Sunday, June 3, 2012

Extremely Loud and Incredibly Close

Nine-year-old Oskar Schell has embarked on an urgent, secret mission that will take him through the five boroughs of New York. His goal is to find the lock that matches a mysterious key that belonged to his father, who died in the World Trade Center on the morning of September 11. This seemingly impossible task will bring Oskar into contact with survivors of all sorts on an exhilarating, affecting, often hilarious, and ultimately healing journey (goodreads).

Where do I begin? Seriously, if any of you have read this novel, you know exactly what I mean. I don't know for sure what I expected when I picked up this book, but it sure wasn't what I got. Usually, I go through and underline the phrases that I like, things that catch my attention a certain way. I didn't even bother to do that. If I would have, whole pages would have been highlighted and marked up!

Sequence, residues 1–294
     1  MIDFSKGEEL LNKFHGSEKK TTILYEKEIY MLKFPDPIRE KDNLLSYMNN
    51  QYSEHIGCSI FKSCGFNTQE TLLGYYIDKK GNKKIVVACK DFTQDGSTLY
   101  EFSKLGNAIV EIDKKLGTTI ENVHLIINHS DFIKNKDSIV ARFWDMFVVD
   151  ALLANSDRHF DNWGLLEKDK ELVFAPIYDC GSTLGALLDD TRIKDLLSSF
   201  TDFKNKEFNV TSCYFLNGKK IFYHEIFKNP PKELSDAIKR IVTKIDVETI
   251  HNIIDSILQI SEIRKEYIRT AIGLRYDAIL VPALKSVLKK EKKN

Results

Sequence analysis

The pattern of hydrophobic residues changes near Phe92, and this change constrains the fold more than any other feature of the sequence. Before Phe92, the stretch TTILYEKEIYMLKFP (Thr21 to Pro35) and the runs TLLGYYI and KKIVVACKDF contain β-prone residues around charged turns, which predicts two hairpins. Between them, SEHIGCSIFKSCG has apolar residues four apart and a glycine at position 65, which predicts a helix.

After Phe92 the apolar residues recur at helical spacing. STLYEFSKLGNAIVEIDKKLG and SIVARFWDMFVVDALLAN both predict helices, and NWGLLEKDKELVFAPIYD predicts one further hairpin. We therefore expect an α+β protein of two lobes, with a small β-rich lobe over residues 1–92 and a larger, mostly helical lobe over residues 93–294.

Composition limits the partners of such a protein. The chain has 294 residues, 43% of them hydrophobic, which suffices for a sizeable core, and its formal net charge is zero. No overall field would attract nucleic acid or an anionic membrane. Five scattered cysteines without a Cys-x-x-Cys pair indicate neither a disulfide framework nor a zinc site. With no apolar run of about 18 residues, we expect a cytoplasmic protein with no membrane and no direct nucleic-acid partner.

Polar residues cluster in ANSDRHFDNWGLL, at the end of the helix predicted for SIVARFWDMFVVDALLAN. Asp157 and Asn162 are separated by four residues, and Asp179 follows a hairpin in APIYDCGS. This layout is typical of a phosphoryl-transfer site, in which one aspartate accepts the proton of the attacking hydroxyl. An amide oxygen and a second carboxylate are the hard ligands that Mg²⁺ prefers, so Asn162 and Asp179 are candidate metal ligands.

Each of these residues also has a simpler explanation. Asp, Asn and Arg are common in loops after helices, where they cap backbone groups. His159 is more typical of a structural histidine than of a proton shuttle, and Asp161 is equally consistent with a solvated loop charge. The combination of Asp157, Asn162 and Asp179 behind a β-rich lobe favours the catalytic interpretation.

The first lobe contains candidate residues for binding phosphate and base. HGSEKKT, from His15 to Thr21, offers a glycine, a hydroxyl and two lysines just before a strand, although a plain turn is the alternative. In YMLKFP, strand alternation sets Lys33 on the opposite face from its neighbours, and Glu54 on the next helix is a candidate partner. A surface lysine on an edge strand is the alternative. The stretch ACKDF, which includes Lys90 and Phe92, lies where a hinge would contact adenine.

It isn't a quick read, but I was sad when I was done. It was so creatively done, so intriguing. It always had my attention. It's a serious book, not much humor involved. But that's a nice change.

This book isn't young adult, so I don't recommend it to you if you're looking for some light fluff to read poolside. But it will get you thinking and it will captivate you. Jonathan Safran Foer is a genius.